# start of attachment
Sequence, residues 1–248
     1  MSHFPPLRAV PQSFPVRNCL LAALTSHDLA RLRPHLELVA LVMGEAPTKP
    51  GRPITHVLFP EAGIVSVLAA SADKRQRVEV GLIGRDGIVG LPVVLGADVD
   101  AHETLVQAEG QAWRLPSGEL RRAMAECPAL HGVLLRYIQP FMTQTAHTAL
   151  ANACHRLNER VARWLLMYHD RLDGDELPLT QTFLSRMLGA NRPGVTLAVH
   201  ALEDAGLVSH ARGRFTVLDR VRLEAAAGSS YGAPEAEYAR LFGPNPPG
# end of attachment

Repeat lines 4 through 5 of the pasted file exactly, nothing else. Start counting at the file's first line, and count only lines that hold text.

   101  AHETLVQAEG QAWRLPSGEL RRAMAECPAL HGVLLRYIQP FMTQTAHTAL
   151  ANACHRLNER VARWLLMYHD RLDGDELPLT QTFLSRMLGA NRPGVTLAVH